16 staff in consultation after board decision
The Architectural Association has put 16 staff on notice of redundancy in a bid to “shore up” the future of the school.
The AA has begun a consultation process with the employees, who work in the exhibitions department, publications – which produces AA Files – HR, development and membership.
The decision was made by the board of trustees as part of a strategy to put the school on a long-term sustainable footing, said company secretary Holly Bowden.
“It’s a difficult time across the sector and we are in a transitional period in the school, but I wouldn’t want to give the impression at all that the school is in jeopardy because that’s not the case,” she said.
The trustees (known as the council) instructed interim director Samantha Hardingham, who replaced Brett Steele in August, to make savings in areas that would not directly affect students.
Unusually, the AA’s founding charter gives it an academic and a cultural mission. Council hadn’t targeted the cultural side but instead acted to “entirely protect” academic departments, said Bowden, to make sure there was no detrimental effect on students who pay more than £20,000 a year.
“You could argue that changing any outward-facing functions could impact on their experience but their teaching experience will not be impacted at all,” she conceded.
“It’s not a happy situation for anybody and it’s not what the school wanted to do but sometimes needs must. An awful lot of thought and consideration has been given to how to shore up the sustainability of the school and that’s what’s led us here. We have to look at areas where we can make savings that wouldn’t impact on the education students are getting. That’s paramount.”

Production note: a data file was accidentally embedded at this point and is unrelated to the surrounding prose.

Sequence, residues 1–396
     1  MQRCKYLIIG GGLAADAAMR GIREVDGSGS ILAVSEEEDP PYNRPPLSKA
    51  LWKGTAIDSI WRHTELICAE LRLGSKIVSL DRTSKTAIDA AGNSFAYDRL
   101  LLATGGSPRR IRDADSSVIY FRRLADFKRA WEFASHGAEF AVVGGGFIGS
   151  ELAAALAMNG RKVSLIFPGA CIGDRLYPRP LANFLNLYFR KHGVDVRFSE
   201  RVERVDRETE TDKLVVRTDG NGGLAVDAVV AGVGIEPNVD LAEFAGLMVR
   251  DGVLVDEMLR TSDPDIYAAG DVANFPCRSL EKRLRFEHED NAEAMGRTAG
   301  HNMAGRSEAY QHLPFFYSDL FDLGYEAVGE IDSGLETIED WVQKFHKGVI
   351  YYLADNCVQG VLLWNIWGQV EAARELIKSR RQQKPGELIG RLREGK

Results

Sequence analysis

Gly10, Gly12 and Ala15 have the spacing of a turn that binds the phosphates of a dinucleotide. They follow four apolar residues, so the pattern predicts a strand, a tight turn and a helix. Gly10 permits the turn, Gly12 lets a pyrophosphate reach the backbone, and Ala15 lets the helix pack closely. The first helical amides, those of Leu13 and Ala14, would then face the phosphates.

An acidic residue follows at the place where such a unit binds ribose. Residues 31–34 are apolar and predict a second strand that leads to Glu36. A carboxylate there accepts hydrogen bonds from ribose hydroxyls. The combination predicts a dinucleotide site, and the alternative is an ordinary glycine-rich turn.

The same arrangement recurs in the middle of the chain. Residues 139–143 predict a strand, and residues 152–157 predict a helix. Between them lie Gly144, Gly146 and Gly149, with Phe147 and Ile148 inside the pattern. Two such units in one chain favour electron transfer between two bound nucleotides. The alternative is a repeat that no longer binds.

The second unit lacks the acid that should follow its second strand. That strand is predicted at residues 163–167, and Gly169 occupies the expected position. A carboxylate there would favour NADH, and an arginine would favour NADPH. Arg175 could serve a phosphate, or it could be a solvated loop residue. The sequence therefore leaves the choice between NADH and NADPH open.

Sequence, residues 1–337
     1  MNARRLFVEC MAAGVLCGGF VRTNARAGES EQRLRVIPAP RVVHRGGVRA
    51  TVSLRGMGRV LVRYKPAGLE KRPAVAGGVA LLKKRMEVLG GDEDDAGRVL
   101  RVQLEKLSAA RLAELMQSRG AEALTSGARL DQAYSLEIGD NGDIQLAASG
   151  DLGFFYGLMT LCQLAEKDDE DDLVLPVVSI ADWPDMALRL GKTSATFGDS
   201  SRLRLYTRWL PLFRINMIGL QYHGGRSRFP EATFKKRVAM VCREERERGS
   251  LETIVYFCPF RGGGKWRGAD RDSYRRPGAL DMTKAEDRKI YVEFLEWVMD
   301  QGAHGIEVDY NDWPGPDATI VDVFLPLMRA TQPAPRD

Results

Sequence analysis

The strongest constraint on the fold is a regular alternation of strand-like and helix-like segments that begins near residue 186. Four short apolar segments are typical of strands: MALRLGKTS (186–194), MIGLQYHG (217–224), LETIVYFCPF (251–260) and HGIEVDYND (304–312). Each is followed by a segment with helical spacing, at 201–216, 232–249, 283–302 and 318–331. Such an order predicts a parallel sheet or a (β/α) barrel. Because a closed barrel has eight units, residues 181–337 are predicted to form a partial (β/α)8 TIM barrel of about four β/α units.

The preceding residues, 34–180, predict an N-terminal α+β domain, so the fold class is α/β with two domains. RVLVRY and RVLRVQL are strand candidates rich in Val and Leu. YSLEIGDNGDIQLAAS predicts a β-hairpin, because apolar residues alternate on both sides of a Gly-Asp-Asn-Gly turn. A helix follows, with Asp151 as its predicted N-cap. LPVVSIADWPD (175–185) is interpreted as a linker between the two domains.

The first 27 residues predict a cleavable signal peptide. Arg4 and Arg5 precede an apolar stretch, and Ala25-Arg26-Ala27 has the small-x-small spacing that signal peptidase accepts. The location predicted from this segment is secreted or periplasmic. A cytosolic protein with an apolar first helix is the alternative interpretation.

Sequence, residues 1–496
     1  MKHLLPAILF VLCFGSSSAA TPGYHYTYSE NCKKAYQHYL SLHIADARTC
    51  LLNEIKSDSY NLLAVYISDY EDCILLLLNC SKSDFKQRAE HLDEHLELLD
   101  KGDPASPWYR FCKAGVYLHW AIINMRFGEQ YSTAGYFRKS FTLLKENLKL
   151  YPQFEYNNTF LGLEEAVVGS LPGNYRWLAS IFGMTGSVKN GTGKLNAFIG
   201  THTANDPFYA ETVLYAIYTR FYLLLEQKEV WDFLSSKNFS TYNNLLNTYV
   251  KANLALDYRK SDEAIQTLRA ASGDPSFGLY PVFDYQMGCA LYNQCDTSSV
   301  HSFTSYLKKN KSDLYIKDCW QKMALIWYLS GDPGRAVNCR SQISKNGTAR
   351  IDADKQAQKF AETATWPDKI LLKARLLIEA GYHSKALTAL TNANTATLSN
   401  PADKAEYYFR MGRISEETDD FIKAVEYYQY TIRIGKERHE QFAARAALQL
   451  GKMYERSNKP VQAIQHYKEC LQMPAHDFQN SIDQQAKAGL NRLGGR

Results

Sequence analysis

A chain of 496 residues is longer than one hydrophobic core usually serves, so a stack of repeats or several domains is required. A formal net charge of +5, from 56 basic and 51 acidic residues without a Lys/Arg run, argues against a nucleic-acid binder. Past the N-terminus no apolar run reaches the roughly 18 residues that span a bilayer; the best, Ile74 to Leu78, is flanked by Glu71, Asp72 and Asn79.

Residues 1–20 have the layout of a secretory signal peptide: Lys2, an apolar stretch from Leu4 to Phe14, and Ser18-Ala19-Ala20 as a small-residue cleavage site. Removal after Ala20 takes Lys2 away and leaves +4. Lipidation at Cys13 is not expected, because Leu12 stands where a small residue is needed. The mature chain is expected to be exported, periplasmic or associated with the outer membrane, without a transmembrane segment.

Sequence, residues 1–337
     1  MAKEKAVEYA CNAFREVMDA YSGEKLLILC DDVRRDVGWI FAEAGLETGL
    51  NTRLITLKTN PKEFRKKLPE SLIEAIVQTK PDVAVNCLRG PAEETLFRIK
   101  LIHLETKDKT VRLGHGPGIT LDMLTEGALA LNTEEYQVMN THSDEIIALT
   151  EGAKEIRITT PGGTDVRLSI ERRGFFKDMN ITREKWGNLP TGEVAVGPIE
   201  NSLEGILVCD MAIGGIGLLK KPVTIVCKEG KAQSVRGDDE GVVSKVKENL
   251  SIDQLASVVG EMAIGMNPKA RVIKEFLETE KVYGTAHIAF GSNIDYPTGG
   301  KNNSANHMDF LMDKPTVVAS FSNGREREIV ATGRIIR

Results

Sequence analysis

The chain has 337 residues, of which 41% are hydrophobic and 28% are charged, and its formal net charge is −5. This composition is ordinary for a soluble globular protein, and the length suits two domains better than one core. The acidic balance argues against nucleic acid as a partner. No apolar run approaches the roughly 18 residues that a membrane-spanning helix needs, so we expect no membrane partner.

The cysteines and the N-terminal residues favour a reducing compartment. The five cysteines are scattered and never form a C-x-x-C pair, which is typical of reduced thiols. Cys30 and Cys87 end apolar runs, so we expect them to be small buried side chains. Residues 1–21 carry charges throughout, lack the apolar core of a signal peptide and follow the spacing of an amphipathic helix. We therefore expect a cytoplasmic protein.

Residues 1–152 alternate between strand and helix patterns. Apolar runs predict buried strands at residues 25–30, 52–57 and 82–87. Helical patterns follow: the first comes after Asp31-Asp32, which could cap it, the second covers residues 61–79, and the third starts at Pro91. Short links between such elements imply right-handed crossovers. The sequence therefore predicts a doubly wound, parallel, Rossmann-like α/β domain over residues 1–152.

They were “acutely aware” of the importance of activities like AA Files, she said.
The news has been greeted with horror across the profession.
Bowden, a lawyer who took up her post within the last few weeks, refused to be drawn on the school’s finances which are currently being audited.
“Provided we are prudent and make sensible financial decisions we are definitely not making a loss,” she said. “When times are tight you have to cut your cloth and that’s what we are doing – cutting our cloth to suit the times.”
The move also comes after a year of restructuring of the AA’s governance, with several new trustees appointed.
“We have some very talented trustees and are in a far better position to run this school incredibly professionally,” said Bowden. The advice was to address issues now to avoid bigger problems in the future.
The intention is for the consultation process to be over by the time the school breaks up for Christmas, but that could be extended if people want more time.
Staff have been given the chance to accept redundancy or to put forward proposals for ways their roles and departments could generate more income for the school.
“In one sense we would like to make it painless – so as quick as possible – but in another sense we would like people to have as much time as they need to avoid redundancy,” said Bowden.
“We’ll consider everything and if we find ways to save jobs we will. If we can’t, we will not.
“There may be insights that individuals have that the people who made the decisions were not privy to. And if it makes a material difference it could [save jobs].”
A 17th member of staff quit just before the consultation was announced.
Statement from the AA
Over the coming weeks the AA will be restructuring some of its non-academic areas. The actions will in no way affect any of the current day-to-day operations of the school or compromise its units, courses and programmes. The AA is founded on the idea that it must know when to change. This restructuring is being undertaken in the best interests of the AA, and is necessary to support its sustainable future.
New AA director
Brett Steele left to go to UCLA and Samantha Hardingham became interim director in August.
Applications for a replacement close on Monday.
Holly Bowden said there had been “healthy interest” in the position.
A longlist will be published this side of Christmas with a shortlist in the new year and an appointment due in the spring.